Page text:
Green Principles of Sterilization

Ken Ungar, STERIS Corporation

Green Principles of Steam Sterilization

Autoclaves are notorious for their consumption of water due to vacuum systems that call for water and hot steam condensate that must be cooled. Typically these challenges are addressed through water conservation systems that are purchased for the autoclave. However, consideration should be given to how sterilization cycles can be optimized for more efficient cycles. More efficient cycles require less time, less steam, less cooling water and ultimately less energy.

In this presentation, a brief overview will be given to lay the ground work for how autoclaves use water, but most of the emphasis will be on practical examples of ways to optimize cycles to reduce cycle times and thus water and energy consumption. Attention will be given to liquid cycles and red bag waste cycles, both of which present challenges to sterilization and require long cycle times. Not only is water conservation realized, but good sterilization principles are addressed to ensure decontamination and sterilization.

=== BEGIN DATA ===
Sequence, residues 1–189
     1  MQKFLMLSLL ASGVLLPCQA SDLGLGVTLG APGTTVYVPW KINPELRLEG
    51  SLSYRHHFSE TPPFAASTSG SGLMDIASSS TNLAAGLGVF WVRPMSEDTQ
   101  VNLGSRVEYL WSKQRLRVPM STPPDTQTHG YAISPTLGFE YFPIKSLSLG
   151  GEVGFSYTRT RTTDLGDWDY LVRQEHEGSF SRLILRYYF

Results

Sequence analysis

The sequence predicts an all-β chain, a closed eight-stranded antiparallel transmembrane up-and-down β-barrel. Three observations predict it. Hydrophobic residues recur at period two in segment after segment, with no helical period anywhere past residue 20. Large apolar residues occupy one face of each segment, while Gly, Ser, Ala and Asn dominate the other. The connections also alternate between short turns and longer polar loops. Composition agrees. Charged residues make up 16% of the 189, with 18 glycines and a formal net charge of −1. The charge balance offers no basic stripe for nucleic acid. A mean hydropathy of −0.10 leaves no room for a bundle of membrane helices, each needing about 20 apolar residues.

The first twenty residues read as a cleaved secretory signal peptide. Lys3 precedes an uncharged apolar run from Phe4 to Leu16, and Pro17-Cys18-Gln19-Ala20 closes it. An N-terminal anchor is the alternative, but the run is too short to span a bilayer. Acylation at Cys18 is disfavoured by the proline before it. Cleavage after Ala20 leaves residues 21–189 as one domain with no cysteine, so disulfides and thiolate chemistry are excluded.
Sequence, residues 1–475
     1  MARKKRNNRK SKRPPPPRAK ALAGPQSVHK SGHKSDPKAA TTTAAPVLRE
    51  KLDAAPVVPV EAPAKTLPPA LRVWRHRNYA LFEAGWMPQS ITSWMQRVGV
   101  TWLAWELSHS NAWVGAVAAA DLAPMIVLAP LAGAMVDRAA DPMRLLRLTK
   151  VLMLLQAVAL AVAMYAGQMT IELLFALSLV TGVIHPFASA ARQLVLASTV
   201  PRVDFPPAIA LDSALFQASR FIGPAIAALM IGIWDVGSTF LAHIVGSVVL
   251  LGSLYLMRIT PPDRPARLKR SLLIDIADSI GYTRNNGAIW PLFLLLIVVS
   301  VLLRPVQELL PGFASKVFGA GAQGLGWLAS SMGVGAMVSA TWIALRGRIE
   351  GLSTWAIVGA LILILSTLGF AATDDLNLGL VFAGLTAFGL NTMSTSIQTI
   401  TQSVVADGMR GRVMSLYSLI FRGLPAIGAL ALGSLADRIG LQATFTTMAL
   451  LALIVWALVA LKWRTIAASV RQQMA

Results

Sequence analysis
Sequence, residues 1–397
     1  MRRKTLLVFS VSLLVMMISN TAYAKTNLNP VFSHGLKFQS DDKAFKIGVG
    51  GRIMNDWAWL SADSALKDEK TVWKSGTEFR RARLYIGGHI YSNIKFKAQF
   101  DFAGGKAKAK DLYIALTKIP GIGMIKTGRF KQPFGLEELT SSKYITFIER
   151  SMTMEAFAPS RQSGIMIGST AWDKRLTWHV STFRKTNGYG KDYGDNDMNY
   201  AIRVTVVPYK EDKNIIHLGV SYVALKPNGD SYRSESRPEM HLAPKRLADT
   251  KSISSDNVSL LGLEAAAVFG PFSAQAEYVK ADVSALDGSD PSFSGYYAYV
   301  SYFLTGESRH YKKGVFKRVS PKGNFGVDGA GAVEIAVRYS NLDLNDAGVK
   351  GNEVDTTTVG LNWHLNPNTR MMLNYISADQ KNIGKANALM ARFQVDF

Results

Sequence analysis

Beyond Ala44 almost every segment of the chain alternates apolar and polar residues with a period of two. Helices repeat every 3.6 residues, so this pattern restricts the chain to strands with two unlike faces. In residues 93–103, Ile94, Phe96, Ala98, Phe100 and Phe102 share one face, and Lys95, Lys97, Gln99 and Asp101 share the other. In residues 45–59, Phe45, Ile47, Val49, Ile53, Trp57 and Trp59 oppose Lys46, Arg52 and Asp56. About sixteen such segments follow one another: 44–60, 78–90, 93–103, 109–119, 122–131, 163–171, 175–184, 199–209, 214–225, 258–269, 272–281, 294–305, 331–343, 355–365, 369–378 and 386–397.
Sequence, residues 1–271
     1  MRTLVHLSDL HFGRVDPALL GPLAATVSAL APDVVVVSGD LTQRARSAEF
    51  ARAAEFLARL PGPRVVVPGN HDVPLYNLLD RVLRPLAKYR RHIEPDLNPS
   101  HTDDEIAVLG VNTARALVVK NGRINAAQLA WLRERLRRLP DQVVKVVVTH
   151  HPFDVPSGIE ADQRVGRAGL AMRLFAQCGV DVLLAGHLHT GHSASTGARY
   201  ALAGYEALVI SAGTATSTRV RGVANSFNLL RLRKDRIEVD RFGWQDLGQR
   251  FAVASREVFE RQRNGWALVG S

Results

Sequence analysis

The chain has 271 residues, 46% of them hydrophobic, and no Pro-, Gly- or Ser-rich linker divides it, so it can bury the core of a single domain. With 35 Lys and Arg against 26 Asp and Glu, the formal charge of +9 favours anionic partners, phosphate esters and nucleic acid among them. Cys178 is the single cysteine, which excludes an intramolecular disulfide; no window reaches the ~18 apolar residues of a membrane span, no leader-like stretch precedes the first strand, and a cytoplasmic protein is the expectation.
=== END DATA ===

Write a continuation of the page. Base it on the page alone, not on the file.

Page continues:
Learning Objectives

  • Identify the major uses of water in a steam autoclave and approximately how much water is used.
  • Understand the main uses of technology to reduce water consumption and what results can be realiztically expected.
  • Learn how to identify those types of autoclave loads that will demand more water usage and how to best either reconfigure or optimize cycle parameters reduce cycle time
  • Learn how to identify those practices that lead to failed sterilization cycles that must be re-sterilized.


Ken Ungar is currently the product manager for steam sterilization products for STERIS Corporation. In his eight years with STERIS Mr. Ungar has worked closely with both Research and Bio-Pharmaceutical customers in many capacities, including new product development and developing education material for Customer use. Recently, Mr. Ungar's focus has been on developing educational material focused on sterilization principles along with ways to create more efficient loads and cycles.


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